Beyond this, the SEISS continues to be just one element of a comprehensive package of support for the self-employed. The Universal Credit standard allowance has been temporarily increased for 2020-21 and the Minimum Income Floor relaxed for the duration of the crisis, so that where self-employed claimants' earnings have fallen significantly, their Universal Credit award will have increased to reflect their lower earnings. In addition to this, they may also have access to other elements of the package, including Bounce Back loans, tax deferrals, rental support, mortgage holidays, self-isolation support payments and other business support grants.
The zero rate for women’s sanitary products announced in the March 2020 Budget will apply from 1 January 2021 to those products which are currently subject to the reduced rate of 5 per cent. This covers the supply of any sanitary protection product that is designed and marketed solely for the absorption or collection of menstrual flow or lochia, whether disposable or reusable. The relief excludes dual purpose period and incontinence products, items of clothing such as reusable menstrual underwear, or purely incontinence products.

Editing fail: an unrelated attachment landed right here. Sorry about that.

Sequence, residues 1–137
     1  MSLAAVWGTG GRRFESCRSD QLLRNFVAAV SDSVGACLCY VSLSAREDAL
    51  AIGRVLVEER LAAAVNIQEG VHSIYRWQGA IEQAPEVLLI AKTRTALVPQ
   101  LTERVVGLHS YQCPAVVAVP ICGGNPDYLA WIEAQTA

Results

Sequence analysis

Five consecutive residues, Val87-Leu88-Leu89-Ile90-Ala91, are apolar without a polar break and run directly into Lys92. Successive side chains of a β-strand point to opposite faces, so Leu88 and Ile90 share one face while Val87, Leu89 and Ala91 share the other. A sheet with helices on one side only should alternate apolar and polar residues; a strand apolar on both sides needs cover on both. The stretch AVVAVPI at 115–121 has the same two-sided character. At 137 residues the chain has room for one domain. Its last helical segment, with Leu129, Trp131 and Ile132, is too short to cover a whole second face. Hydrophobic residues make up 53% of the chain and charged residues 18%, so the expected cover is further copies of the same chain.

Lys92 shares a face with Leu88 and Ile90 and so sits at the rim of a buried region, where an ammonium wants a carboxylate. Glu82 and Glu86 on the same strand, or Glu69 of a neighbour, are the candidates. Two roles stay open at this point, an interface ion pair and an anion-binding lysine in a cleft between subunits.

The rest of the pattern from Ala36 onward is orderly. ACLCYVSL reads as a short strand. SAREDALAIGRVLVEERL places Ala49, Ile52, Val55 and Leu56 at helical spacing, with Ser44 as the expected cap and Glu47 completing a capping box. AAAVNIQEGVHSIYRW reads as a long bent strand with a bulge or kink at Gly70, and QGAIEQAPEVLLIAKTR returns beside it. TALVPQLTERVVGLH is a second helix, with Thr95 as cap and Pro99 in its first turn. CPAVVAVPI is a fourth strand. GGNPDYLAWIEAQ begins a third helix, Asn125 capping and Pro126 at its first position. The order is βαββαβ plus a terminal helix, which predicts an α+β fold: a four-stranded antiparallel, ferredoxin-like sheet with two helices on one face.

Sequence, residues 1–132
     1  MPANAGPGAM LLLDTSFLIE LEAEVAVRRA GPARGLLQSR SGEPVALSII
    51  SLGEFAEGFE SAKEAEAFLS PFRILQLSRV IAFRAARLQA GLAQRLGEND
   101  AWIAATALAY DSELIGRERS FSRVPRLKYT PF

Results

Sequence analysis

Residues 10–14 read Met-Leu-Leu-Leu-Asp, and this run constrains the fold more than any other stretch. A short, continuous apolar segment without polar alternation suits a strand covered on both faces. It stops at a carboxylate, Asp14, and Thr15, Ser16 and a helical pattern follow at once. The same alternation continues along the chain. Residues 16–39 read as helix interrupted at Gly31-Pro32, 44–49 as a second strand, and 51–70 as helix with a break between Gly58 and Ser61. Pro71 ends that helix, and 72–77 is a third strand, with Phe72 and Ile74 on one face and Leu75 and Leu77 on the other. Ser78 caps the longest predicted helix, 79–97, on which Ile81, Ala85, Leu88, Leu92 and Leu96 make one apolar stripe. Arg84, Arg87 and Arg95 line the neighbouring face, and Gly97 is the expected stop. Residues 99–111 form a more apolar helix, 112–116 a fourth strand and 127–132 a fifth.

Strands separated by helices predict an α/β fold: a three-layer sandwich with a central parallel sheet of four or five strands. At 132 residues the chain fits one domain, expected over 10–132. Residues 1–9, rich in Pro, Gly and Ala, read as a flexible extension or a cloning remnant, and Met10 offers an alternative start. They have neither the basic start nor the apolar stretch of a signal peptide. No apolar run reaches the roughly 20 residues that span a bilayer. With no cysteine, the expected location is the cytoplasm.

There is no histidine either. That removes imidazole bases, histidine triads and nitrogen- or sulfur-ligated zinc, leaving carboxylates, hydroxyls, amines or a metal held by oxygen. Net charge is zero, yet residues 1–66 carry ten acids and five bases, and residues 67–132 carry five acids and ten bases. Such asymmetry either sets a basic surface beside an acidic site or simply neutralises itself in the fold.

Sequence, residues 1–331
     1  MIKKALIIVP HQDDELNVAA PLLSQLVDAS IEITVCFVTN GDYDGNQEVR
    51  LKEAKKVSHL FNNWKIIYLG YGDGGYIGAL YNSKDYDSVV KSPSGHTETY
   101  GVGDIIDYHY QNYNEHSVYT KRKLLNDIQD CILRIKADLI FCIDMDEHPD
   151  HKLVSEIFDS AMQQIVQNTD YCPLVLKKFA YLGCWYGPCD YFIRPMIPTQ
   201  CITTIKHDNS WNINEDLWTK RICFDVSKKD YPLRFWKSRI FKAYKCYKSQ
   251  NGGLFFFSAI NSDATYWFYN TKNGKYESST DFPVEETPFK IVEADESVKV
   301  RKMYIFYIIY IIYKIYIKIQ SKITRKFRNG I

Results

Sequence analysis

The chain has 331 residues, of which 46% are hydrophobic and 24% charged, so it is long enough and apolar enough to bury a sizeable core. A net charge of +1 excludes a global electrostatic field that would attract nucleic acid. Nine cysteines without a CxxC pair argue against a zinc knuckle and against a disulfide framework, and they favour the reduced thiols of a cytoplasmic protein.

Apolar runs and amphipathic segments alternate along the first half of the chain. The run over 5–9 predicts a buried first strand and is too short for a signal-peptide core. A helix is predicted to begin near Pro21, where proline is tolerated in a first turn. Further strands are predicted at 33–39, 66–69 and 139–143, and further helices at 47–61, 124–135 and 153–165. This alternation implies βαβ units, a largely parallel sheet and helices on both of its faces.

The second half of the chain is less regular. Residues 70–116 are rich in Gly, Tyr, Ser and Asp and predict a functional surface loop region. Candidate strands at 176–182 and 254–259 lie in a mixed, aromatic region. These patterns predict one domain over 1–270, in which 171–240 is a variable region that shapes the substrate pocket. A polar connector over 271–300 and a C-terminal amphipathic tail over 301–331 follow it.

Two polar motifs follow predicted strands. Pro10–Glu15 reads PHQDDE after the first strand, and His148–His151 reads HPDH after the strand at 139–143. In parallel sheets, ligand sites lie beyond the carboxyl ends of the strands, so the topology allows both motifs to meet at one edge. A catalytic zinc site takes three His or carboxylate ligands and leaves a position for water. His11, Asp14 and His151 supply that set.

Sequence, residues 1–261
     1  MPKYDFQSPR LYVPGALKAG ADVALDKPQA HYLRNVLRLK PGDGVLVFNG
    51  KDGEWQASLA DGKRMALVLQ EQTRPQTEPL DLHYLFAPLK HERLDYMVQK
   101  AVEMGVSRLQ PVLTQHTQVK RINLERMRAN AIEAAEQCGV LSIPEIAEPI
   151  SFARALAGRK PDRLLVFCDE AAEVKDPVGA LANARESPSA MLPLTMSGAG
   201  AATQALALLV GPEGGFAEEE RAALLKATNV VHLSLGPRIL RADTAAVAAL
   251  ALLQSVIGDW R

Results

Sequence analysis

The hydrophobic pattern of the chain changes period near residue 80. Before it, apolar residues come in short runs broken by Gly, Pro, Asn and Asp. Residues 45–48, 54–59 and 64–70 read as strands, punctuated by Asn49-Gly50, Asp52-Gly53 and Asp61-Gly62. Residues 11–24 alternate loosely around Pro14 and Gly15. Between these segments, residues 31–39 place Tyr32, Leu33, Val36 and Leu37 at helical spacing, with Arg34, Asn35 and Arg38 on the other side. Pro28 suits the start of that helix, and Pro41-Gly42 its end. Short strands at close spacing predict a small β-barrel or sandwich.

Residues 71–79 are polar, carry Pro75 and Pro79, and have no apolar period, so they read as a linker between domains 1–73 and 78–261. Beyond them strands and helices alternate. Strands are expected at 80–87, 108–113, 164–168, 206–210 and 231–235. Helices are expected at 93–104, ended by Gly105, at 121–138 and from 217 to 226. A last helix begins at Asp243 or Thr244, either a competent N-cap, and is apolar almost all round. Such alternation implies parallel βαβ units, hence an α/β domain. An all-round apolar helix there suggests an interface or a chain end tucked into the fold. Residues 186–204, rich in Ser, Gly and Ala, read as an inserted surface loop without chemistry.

The new zero rate will ensure that every woman needing sanitary protection during their monthly cycle will, from the start of January and for the first time, have access to a variety of zero rated sanitary protection products on which they had previously paid a 5 per cent rate of VAT.
The AIRE (Advice, Issue Reporting and Eligibility) service provided for the Home Office by Migrant Help offers support and guidance to vulnerable migrants.